Jordan Edwards and Police Officers Who Lie With Impunity
David French recounts the horrible Jordan Edwards story out of Balch Springs, Texas. Based on the available evidence (always an important caveat), it began like countless stories in suburban America.
A mom left town, and her son did what kids tend to do — he threw a party. The party got loud, and the neighbors called the police. When the party-goers learned that the police were on the way, they did what teens do. They scattered. Sounds normal, right? But in this case, there was a deadly, horrific twist. As the party broke up, gunshots rang out. Fifteen-year-old Jordan Edwards (Jordan is black) got into a car with his brother and three other kids; they backed out of their parking spot and started to leave the party. None of them had been drinking. There were no weapons in the car. At that moment, they heard cursing, there were more shots, and Jordan was shot in the head, straight through the passenger window. Witnesses said that his “forehead was smoking.” The shots came from the police.
The story gets worse. Initially the police reported that officers fired on the car after it backed towards them in an “aggressive manner.” Then they watched the body-camera footage, and the account changed. The car was actually driving away from police when the shooting started. Now the police chief says that he doesn’t believe the shooting met the department’s “core values.”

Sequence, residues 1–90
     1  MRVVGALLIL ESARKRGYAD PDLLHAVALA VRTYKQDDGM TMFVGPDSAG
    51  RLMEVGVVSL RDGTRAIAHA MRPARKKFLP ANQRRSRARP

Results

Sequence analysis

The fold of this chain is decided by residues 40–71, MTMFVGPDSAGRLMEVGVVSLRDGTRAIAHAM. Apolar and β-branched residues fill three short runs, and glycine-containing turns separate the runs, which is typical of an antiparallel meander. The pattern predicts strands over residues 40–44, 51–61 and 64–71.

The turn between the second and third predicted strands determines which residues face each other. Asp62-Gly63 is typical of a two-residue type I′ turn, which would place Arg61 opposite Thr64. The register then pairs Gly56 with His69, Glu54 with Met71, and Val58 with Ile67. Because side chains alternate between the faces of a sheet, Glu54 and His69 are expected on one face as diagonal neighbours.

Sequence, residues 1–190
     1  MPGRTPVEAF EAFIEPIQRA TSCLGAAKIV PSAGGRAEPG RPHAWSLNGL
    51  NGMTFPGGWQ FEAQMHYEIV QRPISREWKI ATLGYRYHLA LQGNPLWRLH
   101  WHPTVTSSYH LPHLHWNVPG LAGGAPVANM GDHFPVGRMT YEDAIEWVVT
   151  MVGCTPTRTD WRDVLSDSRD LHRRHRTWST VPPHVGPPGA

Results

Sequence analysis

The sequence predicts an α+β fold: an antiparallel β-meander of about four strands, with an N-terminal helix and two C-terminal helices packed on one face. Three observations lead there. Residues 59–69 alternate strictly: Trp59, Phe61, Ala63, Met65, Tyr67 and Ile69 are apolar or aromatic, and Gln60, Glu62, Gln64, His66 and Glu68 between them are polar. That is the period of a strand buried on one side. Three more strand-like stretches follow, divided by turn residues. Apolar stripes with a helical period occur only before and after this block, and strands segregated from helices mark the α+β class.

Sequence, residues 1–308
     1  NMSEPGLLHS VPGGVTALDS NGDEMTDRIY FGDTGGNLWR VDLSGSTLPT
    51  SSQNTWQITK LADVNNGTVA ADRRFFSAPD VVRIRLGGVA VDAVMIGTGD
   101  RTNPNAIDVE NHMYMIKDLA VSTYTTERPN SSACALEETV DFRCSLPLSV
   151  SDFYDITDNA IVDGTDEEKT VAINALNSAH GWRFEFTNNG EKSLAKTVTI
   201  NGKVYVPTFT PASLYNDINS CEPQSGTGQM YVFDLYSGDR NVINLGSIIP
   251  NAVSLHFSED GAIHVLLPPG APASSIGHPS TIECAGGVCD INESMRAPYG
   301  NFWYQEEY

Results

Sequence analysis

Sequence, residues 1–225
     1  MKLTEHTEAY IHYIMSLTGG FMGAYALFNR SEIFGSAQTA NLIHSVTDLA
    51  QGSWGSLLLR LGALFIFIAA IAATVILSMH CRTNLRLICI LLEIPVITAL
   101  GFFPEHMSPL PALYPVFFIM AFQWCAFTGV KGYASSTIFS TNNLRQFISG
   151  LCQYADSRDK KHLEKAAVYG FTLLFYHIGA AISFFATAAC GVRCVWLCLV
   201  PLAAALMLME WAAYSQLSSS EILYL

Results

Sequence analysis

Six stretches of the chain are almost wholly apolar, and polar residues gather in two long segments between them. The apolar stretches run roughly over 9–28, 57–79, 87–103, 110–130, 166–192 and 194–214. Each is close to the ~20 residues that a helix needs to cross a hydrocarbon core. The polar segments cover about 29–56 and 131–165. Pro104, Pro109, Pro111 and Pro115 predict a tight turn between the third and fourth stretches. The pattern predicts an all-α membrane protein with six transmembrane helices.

Jordan Edwards Was Another Case Of Shoot First, Ask Questions Later
This seems to be the new protocol for the cops. The situation was presented as a complaint. Not a fight. No guns being fired. No destroying property. Nothing that would warrant a violent police response. Maybe if the caller said, ‘drunken white people,” the outcome would have been different and the responding officers would have taken a measured approach to addressing the situation.
Police officers should be held to a much higher standard. They are the only members of our communities that we empower to use deadly force and that should come with exceptional constraints and oversight. Even the slightest indication that they do not show the judgment or temperament to wisely carry that responsibility and it should be immediately removed and never returned to them.
Also, the standard for using deadly force should be much higher. “They’re getting away” shouldn’t meet that standard. Running from the cops should never mean that the cops therefore get to kill you.
Finally, once again, we have an apparent attempt at a cover-up by both the reporting officer and his fellow officers – one that has already been outed and will, likely, result in a conspiracy charge on top of any related to the actual homicide. It’s also proof of a guilty state of mind on the part of all the officers involved. A dismissal from the job is not enough. These officers must be arrested and charged in the death of Jordan Edwards.